Easter On The White House Lawn

Easter On The White House Lawn



Easter on​ the​ White House Lawn
An annual family event,​ kids go hunting for eggs hidden all over the​ White House Grounds .​
Then they get to​ race the​ colorful wooden eggs on​ the​ White House Lawn from one end of​ Pennsylvania Avenue to​ the​ other end .​
Rutherford B .​
Hayes first opened the​ grounds to​ local children in​ 1878 .​
Since then,​ all Presidents invite children to​ the​ egg rolling festivities each Easter .​
the​ Easter Bunny will also make an​ appearance,​ but is​ never allowed to​ be seen without his head .​
One of​ the​ White House Staff dresses up each year as​ the​ bunny .​
Ursula Meese,​ wife of​ President Reagan's Attorney General Edwin Meese,​ enjoyed the​ job for six years .​
She was known as​ the​ Meester Bunny.
Kids can also enjoy face painting,​ egg coloring,​ magicians,​ music,​ and reading corners .​
At each of​ th corners,​ storytelling is​ done by authors of​ popular children's books,​ Cabinet and Senior Administration members,​ and athletes .​

This year,​ the​ Easter festivities are April 9 from 8AM-2PM at​ the​ White House .​
Small allotments of​ tickets will be given out at​ 730AM on​ April 9 .​
the​ National Park Service will also be distributing free tickets .​
As long as​ you have a​ seven year old or​ younger with your group,​ you can get a​ maximum of​ five tickets .​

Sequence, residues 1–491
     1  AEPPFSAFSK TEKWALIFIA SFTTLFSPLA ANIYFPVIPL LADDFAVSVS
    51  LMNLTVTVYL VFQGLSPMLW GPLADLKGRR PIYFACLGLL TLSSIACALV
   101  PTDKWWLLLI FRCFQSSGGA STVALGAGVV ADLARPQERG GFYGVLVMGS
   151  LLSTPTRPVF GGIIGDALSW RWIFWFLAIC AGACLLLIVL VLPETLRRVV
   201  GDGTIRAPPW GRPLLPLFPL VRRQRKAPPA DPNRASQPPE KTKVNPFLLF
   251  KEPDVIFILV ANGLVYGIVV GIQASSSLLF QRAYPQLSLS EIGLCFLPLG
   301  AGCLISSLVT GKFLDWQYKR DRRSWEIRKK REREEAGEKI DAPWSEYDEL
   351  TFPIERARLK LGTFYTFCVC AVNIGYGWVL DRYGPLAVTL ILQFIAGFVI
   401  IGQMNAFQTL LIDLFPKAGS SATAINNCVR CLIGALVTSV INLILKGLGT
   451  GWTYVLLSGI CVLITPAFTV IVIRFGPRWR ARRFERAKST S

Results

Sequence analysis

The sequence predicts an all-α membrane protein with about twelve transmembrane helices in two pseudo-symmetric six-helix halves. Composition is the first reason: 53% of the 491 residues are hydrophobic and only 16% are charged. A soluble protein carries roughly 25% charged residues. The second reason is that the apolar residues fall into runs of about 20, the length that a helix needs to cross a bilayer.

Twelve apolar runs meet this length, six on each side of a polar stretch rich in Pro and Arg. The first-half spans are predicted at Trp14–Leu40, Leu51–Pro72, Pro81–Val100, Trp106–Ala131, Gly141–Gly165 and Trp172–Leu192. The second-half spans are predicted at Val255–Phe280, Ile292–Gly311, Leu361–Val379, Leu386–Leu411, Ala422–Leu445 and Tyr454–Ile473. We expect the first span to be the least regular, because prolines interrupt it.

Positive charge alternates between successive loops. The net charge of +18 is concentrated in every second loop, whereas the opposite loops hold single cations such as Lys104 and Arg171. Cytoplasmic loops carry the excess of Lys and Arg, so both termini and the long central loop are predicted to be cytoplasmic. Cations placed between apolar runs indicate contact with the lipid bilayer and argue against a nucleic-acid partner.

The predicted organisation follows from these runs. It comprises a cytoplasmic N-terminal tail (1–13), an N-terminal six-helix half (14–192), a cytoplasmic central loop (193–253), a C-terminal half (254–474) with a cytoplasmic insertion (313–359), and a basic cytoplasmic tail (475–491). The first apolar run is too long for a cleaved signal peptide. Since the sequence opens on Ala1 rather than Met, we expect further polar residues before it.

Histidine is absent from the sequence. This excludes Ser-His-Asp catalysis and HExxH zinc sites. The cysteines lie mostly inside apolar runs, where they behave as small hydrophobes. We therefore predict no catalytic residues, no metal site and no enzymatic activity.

Tickets are first come,​ first served and can also be gotten from the​ Ellipse Visitor Pavilion at​ the​ Southwest corner of​ 15th and E Streets.
If you look carefully at​ some of​ the​ eggs,​ you will notice an​ egg from every state in​ the​ nation .​
This tradition started in​ 1994 .​
the​ American Egg Board handles all the​ eggs and gets them ready for the​ big day.
When the​ Easter Egg Roll has to​ be canceled due to​ inclement weather,​ it​ can be relocated to​ the​ National Zoo or​ the​ Capitol building .​
the​ longest they went without having a​ egg roll was during World War II .​
President Eisenhower brought back the​ tradition in​ 1953 and another generation was able to​ participate in​ the​ Easter tradition .​




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